Thursday, April 09, 2009

Bloomberg Willing To Violate City Charter To Get High School Interns

If I have to admit one thing about Michael Bloomberg, it is that he's a tough campaigner. In addition to the $80-$100 million he'll be spending on the campaign, the strategists he's hiring an the onslaught of advertising, he's using his pull as mayor to recruit high school interns via official NYC school system letterhead. It may be a conflict of interest, but Bloomberg is willing to go outside the legal ethical box for that extra push.

From The NY Daily News:

Gene Russianoff from the New York Public Interest Research Group said the practice appears to violate the city charter's ban on municipal employees using city letterhead or resources for nongovernmental purposes. "They're free to do a mailing or set up a table outside a school," he said. "You just can't use the parent newsletter."

The campaign defended its strategy.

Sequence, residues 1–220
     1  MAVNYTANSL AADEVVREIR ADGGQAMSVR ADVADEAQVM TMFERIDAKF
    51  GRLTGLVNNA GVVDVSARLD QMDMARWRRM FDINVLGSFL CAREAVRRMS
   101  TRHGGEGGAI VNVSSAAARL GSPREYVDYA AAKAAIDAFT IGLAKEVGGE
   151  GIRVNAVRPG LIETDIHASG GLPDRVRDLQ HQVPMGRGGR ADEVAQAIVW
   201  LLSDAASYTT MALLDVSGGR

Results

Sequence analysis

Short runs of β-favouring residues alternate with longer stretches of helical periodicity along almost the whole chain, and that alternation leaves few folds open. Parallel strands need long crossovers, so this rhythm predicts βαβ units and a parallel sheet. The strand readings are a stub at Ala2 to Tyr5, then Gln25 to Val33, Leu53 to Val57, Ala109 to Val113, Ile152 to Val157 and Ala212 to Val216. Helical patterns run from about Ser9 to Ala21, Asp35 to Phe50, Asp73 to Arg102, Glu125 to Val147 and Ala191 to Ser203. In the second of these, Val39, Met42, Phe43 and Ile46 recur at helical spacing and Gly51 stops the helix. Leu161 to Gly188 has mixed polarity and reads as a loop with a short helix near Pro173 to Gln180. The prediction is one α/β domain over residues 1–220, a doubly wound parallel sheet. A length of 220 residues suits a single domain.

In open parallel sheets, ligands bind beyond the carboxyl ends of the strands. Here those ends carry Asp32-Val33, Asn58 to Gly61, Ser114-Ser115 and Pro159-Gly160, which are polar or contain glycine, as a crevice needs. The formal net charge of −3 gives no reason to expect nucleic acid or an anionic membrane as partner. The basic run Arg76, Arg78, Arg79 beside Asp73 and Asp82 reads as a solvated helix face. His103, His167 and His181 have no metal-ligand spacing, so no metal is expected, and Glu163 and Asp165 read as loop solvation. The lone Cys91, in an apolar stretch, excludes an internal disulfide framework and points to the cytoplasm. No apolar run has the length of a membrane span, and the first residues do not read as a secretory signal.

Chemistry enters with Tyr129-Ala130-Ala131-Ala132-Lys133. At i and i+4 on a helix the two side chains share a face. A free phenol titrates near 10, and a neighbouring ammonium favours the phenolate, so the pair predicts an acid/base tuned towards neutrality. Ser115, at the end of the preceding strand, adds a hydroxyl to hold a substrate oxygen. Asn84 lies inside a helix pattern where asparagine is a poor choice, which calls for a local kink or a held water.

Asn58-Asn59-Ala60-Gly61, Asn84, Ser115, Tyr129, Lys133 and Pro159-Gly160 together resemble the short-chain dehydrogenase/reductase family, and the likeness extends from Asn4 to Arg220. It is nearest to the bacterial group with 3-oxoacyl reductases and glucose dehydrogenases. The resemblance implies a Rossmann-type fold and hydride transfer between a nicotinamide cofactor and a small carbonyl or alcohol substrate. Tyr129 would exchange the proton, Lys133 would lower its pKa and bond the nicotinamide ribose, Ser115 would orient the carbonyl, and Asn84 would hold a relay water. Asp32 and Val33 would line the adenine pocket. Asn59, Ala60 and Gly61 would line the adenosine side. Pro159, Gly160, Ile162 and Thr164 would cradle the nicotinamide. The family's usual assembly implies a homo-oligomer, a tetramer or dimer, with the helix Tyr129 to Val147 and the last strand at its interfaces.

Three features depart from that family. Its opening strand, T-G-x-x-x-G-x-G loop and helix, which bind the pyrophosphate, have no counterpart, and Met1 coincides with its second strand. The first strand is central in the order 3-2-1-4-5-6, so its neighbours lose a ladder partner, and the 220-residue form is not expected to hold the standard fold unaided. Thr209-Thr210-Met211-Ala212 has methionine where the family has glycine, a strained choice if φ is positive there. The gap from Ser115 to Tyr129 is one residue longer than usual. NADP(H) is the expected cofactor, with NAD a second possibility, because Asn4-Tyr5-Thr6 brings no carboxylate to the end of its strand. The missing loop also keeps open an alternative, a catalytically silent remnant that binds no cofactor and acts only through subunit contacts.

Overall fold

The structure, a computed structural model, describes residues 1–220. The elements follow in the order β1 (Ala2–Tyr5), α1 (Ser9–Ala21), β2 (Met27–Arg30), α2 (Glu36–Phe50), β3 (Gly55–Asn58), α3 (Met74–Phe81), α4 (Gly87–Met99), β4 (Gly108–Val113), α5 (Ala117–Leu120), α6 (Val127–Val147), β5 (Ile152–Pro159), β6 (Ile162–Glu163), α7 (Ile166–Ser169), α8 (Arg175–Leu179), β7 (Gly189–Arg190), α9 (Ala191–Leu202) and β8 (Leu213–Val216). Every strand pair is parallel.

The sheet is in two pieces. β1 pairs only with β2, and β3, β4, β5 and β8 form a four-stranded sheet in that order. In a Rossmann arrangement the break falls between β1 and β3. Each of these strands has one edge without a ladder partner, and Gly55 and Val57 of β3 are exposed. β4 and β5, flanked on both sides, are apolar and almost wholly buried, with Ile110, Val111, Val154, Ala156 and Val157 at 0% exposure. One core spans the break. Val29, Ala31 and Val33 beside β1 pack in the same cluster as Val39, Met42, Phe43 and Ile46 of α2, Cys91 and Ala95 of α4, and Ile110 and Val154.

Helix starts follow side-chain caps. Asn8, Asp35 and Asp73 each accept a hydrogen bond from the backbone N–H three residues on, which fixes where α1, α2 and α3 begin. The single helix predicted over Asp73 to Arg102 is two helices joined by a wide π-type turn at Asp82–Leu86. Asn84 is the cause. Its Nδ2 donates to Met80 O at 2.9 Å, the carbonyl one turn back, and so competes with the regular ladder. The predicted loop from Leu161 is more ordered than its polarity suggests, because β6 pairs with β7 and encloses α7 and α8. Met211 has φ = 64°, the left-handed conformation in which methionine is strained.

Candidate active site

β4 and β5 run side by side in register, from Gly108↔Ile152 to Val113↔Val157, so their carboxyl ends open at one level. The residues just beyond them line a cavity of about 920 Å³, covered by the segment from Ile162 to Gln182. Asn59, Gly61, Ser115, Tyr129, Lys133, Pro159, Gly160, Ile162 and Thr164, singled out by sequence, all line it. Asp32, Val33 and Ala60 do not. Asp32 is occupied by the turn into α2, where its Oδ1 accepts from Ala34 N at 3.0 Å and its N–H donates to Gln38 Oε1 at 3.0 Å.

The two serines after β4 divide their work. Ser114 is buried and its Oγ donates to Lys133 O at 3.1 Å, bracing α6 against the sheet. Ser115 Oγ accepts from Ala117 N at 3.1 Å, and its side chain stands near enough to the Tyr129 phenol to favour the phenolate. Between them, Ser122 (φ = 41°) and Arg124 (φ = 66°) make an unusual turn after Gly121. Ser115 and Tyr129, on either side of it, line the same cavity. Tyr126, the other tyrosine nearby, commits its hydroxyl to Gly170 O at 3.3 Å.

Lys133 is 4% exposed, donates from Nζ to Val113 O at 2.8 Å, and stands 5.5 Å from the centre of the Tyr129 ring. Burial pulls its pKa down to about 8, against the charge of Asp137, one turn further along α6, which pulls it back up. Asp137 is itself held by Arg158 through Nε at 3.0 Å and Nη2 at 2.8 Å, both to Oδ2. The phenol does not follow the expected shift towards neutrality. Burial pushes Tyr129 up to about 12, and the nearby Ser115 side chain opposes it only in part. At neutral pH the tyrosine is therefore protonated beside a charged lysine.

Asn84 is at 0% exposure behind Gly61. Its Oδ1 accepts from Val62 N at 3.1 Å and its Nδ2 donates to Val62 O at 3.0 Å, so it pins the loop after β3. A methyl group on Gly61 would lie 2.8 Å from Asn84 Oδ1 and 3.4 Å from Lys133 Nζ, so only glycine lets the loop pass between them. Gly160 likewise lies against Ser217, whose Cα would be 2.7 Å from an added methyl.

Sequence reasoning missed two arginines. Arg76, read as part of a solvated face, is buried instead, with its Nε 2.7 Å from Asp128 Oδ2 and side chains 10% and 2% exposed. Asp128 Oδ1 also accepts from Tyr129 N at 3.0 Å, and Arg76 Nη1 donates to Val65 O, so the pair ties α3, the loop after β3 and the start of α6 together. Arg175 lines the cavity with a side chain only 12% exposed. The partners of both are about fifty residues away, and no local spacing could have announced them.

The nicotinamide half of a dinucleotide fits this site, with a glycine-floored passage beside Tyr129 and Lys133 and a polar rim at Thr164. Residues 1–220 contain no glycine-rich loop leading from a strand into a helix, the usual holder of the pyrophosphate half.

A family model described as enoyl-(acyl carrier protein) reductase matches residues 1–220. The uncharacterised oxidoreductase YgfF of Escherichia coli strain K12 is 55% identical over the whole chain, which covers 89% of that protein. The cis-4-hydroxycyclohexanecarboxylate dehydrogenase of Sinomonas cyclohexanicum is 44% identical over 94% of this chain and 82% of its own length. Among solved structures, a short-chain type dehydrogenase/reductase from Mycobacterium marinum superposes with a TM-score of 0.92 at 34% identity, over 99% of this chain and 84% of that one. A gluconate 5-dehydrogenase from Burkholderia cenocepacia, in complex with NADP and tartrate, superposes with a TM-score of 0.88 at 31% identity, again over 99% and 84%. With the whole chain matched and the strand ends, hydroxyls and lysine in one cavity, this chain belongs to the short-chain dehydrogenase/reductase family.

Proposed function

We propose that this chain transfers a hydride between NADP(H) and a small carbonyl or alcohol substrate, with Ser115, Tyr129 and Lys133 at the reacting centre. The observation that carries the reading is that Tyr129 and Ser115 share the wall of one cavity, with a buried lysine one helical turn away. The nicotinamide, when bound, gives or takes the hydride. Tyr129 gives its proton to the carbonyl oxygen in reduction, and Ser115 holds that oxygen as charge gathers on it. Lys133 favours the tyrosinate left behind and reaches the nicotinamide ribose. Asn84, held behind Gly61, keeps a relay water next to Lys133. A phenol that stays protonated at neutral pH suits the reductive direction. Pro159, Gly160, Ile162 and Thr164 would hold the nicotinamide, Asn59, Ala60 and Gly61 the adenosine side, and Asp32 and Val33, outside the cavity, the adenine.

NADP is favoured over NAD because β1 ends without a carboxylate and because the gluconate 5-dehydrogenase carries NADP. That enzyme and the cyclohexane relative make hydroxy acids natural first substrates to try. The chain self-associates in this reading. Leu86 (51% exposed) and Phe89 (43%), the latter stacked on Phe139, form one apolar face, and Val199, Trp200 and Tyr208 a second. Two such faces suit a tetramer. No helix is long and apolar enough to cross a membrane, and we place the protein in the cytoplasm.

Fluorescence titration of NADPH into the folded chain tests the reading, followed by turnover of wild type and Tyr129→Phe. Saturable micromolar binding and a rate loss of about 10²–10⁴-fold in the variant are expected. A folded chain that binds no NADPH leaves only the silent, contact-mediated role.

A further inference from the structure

"Younger voters are excited about Mayor Bloomberg's independent voice and record of getting things done for New Yorkers and we have reached out to dozens of colleges and high schools, public and private, to inform them of a great opportunity," campaign spokeswoman Jill Hazelbaker said in an e-mail. "This kind of sophisticated outreach to younger voters is exactly the type of grassroots organizing that President Obama was celebrated for in the '08 campaign."

Not all of the schools that were contacted complied with the request. One principal, who did not want to be named, said it made her uncomfortable. "We didn't do it, but I wondered if it would get back to City Hall that we refused," she said.

Hazelbaker's response shouldn't be too surprising, especially with her experience with the McCain campaign last year. Having the Conflict of Interest Board and the Education Department behind her, their argument that this is not a conflict sounds official, but when you play it out, the whole thing stinks.

Russianoff said coercion was a concern.

"If the guy who appoints the head of the school system is asking for a favor, it's hard to say no," he said. "They shouldn't be put in that position."

Yet Mayor Bloomberg has no qualms about being coercive, all you need to do is replay the events surrounding the extension of term limits to understand his priorites on getting re-elected versus ethical concerns.